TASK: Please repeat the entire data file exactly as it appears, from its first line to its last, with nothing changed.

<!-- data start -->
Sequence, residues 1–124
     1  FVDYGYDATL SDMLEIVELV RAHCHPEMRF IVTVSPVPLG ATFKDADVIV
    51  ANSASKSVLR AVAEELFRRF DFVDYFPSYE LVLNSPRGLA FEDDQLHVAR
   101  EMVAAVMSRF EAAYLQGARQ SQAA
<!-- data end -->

Sequence, residues 1–124
     1  FVDYGYDATL SDMLEIVELV RAHCHPEMRF IVTVSPVPLG ATFKDADVIV
    51  ANSASKSVLR AVAEELFRRF DFVDYFPSYE LVLNSPRGLA FEDDQLHVAR
   101  EMVAAVMSRF EAAYLQGARQ SQAA